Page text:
Engagement Currency

We were talking about alternative [read: cheap] ways to build engagement recently. Something tangible, that you can see, feel or hold physically. Like stickers, for example, they’re easy and silly – but what kind? And also, what type of community would they address?

The English definition of ‘currency’ (outside of its obvious monetary connotations) is ‘The fact or quality of being generally accepted or in use‘. Keeping this in mind (and given the universal habit tagging of all things technologically vital and important), laptop stickers could therefore be construed as a currency of the blogging community

If that’s so, then why not make some of those? Good ones mind. Not just your logo on a white background.

Something interesting.
Something better.
Something that will spark a conversation.

A social object, if you will.

This thought process is not new, we used to talk about this kind of community currency back in my SpinVox days: what was it about a certain place or a group of people that would always get them talking and, better yet, what wouldn’t.

A recent video from Heineken was what got me thinking about this again (and what prompted the tweet above, too). Have a look, we’ll regroup on the other side –

Right. Let’s deconstruct this for a second. First off, as I asked the team at 1000heads last week; is this cool?

The general consensus was no, it isn’t. It’s a good video, yes. But using technology for technology’s sake is never a sound strategy for success and alas, that’s exactly what’s going on here.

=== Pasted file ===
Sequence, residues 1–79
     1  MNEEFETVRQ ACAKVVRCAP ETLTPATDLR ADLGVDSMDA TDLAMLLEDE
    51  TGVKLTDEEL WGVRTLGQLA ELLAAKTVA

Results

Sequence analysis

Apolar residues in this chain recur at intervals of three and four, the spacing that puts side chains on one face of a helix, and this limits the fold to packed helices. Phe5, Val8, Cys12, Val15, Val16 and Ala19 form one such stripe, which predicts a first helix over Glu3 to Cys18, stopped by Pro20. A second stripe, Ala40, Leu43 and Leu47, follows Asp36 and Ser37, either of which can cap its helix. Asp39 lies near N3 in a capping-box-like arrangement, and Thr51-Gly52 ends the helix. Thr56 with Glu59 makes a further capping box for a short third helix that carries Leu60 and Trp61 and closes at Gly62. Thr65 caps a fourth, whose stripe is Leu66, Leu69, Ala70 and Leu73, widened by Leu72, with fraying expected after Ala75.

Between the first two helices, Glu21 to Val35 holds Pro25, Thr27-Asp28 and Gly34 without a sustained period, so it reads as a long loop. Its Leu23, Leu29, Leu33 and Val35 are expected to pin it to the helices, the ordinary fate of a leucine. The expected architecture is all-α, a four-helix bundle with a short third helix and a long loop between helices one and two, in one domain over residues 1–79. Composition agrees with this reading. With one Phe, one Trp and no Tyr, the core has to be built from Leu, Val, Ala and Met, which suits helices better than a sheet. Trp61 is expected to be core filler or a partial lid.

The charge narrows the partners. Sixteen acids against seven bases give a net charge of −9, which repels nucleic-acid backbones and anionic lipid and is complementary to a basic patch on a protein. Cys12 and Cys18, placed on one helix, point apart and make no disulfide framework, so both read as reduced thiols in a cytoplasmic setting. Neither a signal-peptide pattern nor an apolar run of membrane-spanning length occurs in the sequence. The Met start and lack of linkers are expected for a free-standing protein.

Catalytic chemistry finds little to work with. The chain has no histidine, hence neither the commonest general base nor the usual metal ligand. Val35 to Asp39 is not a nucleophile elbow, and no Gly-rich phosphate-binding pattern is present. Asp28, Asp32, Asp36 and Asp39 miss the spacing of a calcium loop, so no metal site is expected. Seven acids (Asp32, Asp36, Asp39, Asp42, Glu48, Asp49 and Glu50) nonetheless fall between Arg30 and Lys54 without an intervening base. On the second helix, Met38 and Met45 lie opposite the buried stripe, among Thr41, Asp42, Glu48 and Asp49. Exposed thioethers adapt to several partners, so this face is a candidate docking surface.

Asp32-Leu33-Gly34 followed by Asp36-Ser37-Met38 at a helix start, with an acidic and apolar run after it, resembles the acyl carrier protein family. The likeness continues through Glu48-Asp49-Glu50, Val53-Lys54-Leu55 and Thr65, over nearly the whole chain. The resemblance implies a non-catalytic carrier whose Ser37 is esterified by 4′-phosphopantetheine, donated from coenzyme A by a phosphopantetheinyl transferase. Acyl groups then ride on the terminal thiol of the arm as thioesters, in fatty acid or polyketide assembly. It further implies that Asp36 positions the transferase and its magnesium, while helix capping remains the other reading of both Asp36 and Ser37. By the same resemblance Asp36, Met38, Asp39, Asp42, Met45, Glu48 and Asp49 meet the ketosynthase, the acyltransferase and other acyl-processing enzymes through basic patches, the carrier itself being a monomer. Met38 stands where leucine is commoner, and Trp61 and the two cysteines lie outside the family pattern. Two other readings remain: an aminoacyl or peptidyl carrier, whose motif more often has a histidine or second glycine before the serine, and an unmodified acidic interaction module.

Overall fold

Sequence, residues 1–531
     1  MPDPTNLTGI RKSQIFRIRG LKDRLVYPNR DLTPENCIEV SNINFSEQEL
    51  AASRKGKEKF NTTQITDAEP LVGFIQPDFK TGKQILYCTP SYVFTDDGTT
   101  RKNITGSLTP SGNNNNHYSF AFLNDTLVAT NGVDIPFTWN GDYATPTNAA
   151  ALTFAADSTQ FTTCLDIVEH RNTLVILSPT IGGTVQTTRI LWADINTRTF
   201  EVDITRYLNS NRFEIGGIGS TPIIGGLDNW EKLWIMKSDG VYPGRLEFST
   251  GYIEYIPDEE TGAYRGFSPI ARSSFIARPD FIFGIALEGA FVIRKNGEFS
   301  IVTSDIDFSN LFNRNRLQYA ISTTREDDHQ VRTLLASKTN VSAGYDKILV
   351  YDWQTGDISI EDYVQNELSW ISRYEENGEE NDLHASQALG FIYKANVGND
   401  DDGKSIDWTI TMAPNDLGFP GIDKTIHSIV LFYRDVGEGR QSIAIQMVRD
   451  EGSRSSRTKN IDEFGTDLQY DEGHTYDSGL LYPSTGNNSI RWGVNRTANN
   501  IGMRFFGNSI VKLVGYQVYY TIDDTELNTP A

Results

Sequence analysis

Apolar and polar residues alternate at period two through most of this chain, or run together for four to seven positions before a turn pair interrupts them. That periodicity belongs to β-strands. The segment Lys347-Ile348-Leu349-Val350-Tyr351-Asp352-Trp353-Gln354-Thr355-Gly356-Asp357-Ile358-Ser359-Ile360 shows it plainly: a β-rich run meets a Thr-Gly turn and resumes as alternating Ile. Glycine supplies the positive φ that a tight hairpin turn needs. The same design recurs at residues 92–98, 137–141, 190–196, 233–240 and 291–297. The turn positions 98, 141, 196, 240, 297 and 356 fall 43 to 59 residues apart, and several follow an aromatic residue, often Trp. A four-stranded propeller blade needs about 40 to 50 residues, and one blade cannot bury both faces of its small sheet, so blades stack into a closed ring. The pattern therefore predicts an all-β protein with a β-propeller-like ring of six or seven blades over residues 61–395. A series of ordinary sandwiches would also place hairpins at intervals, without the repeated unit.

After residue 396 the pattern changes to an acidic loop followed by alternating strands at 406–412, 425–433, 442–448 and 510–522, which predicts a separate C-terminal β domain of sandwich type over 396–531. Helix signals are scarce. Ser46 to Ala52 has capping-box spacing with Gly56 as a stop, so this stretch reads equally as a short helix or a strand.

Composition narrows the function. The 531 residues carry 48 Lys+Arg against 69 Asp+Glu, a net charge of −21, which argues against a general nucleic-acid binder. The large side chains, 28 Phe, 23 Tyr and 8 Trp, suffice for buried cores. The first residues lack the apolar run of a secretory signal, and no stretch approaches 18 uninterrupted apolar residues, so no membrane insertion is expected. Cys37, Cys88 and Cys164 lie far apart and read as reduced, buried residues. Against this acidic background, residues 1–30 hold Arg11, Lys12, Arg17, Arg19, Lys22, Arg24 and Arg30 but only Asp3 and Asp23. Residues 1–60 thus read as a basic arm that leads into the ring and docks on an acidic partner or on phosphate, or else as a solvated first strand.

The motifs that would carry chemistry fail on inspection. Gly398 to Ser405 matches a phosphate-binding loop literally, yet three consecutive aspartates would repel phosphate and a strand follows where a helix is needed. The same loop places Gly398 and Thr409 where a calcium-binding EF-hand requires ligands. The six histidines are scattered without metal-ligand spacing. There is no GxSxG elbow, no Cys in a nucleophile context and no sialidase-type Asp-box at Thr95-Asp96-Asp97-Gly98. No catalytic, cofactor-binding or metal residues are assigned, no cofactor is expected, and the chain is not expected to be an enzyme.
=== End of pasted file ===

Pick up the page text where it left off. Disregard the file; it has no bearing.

“Why is this Heineken? Where is their connection?” were other recurring questions. You could argue that the new brand message of ‘open your world’ underpins this whole activity somehow, but you have to look quite hard to see it. And anyway, that much at least is besides the point.

Could this have been done better by taking a closer look at the reality of a festival currency?

Festival currency: what it isn’t

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Before we get into what and what does not work around QR codes, let’s first establish that I genuinely do buy the idea that they act as a conversation starter. That’s great in fact. Any excuse to start talking to a new person at large social events is welcome. Well done.

However, as anyone who’s ever been to a festival will tell you, the genuine currency of the modern day festival-goer is communication. To stay in touch, you need that most precious of camping-based premiums: mobile phone battery life.

There is a whole other blog post to come about how the success of the next generation mobile hardware manufacturer depends on this particular aspect of their devices (and breathe), but that’s not for today. Today is about realising that festival-goers aren’t going to spend precious battery life on QR code snapping, especially when it’s the only thing keeping them connected.

Heineken could learn from Orange here.

Back to those QR codes, hands up who’s got a phone that can scan a QR code out of the box? OK, next question: hands up who’s got a phone that can scan a QR code out of the box that you know about? See what I mean. Shocking.

QR codes are great, but there’s still such a large education piece to be done before anything like this creates any real traction [note: the video proudly points out that 5000 ‘U-Codes’ were printed, not how many were actually scanned].

Taking all of the above into account, it’s clear that the modern day festival goer needs to remain connected, visible and contactable.

Festival currency: what it could be

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Flags. This isn’t my idea, first off. Scroggles planted this particular seed when we were working with MTV’s Staying Alive Foundation a few years back. At a festival, if the currency isn’t anything mobile-related (or at least, related to draining mobile power) what else is there?

FLAGS.

Think about it.